Newscasts

PNS Daily News - October 15, 2019 


U.S. Reacts to Turkish offensive, Ft. Worth police officer charged with murder, a tax break for New Mexico families, and animals hit on the road in Nevada.

2020Talks - October 15, 2019 


Tonight, 12 candidates will take the fourth Democratic debate stage in Westerville, Ohio. Rep. Tulsi Gabbard will be there, despite considering a boycott of the event.

Daily Newscasts

Public News Service - CA: Environmental Justice

Environmental advocates are pushing for more zero-emissions vehicles and changes to the EPA's Regional Haze Program in the wake of a new report that gives California national parks like Joshua Tree failing grades for air quality. Credit: Tommy Hough.

JOSHUA TREE, Calif. – As smoke from multiple wildfires chokes the air across California this summer, air quality has again become a hot topic in the Golden State. But despite the current bout of wildfires, the biggest source of smog in California remains the state's 33.5 million vehicles. Cal

PHOTO: A new report shows fixing environmental hazards could save California $254 million a year, and improve child health. Photo credit: Cheryl Holt/Morguefile.

OAKLAND, Calif. – A study released today by the nonprofit Public Health Institute (PHI) says California could save $250 million per year in healthcare costs – and improve the lives of millions of children – by eliminating exposure to preventable environmental hazards such as lead,

PHOTO: The Bakersfield Crude Terminal is the subject of a lawsuit by environmental groups, and was recently cited by the EPA. It is owned by the same company which owns a pipeline that recently failed near Santa Barbara, spilling 100,000 gallons of oil into the Pacific. Photo credit: Elizabeth Forsyth/Earthjustice.

BAKERSFIELD, Calif. – A judge has refused to close down a controversial oil terminal near Bakersfield in Kern County, denying a preliminary injunction sought by environmental groups challenging permits for the facility. The terminal went on-line in December. Earthjustice attorney Elizabeth Fo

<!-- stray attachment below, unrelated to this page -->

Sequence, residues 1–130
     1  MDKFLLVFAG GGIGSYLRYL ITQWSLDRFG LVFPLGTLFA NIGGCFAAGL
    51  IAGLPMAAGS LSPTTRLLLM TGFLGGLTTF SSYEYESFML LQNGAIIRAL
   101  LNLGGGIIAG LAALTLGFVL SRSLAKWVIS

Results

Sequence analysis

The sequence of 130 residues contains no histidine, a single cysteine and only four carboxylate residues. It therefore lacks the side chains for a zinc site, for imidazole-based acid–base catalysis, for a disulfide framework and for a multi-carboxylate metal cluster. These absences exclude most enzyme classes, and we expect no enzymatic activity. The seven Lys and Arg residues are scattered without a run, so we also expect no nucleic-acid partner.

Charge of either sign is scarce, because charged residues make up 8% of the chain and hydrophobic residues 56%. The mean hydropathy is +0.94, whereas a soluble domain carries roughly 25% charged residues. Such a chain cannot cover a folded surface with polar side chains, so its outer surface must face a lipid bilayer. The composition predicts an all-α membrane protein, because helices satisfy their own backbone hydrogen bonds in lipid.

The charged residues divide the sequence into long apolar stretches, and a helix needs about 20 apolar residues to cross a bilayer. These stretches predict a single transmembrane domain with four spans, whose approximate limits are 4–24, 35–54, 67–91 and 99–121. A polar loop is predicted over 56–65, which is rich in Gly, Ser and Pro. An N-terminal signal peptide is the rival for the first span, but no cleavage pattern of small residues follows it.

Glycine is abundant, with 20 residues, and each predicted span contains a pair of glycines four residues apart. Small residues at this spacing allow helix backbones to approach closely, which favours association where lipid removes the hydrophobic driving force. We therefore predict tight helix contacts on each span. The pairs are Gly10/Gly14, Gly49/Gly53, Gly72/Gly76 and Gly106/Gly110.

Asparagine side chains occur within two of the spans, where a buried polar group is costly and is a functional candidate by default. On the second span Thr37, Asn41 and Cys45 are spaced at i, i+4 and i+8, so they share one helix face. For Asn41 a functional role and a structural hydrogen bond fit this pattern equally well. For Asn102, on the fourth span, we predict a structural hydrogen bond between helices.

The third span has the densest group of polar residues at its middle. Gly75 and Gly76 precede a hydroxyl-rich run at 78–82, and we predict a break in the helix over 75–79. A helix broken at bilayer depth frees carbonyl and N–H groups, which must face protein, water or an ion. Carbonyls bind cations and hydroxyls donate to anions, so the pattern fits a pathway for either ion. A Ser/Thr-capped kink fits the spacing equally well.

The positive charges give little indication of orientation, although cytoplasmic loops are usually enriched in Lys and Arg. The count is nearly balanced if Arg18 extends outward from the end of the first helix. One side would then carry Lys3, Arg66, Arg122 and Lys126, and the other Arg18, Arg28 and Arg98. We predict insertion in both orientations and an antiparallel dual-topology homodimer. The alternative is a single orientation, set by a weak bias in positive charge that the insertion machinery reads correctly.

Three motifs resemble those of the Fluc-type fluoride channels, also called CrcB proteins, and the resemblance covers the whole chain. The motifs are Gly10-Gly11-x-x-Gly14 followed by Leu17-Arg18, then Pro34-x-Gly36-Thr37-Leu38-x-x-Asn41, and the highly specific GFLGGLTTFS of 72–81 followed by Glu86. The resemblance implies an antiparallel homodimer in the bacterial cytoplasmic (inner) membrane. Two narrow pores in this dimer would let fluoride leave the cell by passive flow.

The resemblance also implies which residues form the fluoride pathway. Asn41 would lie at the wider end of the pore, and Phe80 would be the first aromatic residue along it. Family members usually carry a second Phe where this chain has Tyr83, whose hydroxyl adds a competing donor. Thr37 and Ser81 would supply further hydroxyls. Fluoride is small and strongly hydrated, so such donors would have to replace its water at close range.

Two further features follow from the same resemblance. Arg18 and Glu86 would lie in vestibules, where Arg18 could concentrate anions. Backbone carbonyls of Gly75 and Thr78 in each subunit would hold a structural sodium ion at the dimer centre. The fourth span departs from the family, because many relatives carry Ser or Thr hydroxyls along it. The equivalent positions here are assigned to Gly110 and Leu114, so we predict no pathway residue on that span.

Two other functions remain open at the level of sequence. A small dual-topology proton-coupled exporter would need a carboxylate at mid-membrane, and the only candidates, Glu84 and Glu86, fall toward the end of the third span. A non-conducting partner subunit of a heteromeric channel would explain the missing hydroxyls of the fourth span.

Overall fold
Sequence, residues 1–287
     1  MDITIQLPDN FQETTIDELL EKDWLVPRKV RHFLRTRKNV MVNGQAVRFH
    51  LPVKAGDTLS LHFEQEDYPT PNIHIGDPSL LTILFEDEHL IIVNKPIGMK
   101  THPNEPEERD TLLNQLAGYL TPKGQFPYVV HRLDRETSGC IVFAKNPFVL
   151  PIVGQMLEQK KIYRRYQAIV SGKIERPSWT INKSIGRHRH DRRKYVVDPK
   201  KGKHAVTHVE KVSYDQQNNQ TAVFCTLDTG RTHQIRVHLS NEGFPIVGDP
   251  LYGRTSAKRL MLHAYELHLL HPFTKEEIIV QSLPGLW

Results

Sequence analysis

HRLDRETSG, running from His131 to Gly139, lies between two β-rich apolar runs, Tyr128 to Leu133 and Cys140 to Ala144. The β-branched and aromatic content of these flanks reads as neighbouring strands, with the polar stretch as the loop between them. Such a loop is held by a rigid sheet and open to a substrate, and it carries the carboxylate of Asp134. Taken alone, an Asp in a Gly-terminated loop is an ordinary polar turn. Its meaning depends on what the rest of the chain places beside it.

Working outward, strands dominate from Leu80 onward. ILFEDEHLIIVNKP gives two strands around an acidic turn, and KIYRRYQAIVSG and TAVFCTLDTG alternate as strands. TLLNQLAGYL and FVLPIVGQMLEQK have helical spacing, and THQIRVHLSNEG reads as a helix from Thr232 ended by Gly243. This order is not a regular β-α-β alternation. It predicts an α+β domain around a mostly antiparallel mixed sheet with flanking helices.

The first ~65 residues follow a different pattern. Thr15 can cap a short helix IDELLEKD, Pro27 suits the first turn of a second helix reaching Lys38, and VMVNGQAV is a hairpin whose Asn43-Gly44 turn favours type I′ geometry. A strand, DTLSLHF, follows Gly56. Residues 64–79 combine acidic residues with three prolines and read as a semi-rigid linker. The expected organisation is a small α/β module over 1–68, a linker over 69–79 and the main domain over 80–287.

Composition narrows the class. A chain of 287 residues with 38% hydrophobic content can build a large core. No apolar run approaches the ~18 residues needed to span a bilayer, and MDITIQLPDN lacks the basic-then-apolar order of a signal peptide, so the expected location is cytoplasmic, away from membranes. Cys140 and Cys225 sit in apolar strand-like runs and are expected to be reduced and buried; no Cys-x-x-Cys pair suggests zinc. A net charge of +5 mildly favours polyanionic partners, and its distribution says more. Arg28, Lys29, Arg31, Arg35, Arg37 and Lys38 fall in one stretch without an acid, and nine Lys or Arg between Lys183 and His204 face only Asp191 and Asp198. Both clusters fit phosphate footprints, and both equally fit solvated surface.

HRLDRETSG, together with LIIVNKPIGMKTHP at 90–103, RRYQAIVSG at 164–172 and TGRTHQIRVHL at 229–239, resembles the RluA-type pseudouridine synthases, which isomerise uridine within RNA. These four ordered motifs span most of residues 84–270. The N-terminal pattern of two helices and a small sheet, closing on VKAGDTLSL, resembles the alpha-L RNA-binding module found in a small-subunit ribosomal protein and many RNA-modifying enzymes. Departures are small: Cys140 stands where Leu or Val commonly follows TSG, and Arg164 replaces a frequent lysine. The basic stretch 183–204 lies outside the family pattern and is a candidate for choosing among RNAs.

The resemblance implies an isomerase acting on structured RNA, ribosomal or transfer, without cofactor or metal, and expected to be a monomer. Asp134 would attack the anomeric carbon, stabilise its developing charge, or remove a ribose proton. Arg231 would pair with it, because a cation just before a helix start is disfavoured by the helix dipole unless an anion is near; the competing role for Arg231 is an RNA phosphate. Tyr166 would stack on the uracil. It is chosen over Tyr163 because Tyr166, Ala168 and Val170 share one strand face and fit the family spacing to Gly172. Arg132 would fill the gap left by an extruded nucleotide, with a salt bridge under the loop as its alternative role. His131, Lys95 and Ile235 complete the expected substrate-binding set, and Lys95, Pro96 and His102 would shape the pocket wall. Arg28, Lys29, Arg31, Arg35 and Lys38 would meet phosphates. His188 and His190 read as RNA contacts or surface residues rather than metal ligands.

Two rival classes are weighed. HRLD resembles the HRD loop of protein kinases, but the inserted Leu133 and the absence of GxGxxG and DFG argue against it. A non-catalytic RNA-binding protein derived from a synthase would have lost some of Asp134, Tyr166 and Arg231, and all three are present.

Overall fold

PHOTO: The Loggerhead Sea Turtle is one species potentially harmed by proposed deep-sea mining.  Photo credit: Damien du Toit/Wikimedia Commons

SAN FRANCISCO - A San Francisco-based environmental law firm is suing the federal government to stop a deep-sea mining project in the waters between Hawaii and Mexico. The Center for Biological Diversity is challenging the National Oceanic and Atmospheric Administration's decision to issue permits

PHOTO: A 2012 report estimated that 56 percent of Americans live near a coal- or oil-burning power plant that could be affected by the EPA's limits on airborne toxins. Photo credit: Chris Jordan-Bloch, Earthjustice.

The U.S. Supreme Court is to hear arguments about whether the Environmental Protection Agency can require power plants to clean up their toxic emissions, as the coal industry and its supporters continue to challenge the agency's standards for mercury and other airborne toxins. The case is full of s

PHOTO: It is hardly a sweeping vista when it's marred by haze. The EPA says the Clean Air Act includes keeping air haze-free in national parks and wilderness areas, but several states have challenged the agency's plans to accomplish that, most recently in the Grand Canyon. Photo credit: Air Resource Specialists, Inc., for National Park Service.

SAN FRANCISCO – Today in U.S. Appeals Court in San Francisco, the state of Arizona is challenging the Environmental Protection Agency in a case with implications for air quality across the country. The EPA steps in with a plan to reduce air pollution in national parks and wilderness areas wh

PHOTO: They may be tiny, but California's Delta smelt proved to be important enough that the case for protecting them made it all the way to the U.S. Supreme Court. Photo courtesy U.S. Fish and Wildlife Service.

SACRAMENTO, Calif. - The highest court in the land has sided with one of the tiniest fish in California - by refusing to hear an appeal on Monday. The U.S. Supreme Court was asked by some California farming interests and water districts to consider overturning a case that affirms protections for th

PHOTO: Oil wells near La Habra Heights, Calif., are nothing new; this photo is from the 1920s. But residents will vote in March on rules to restrict new oil and gas development, and also such high-intensity drilling techniques as fracking. Photo courtesy of Orange County Archives.

SACRAMENTO, Calif. – Elections in less than two months are the talk of two small southern California communities where voters will decide the future of oil and gas drilling in their areas – and the results could set the tone for other parts of the state. In La Habra Heights, residents

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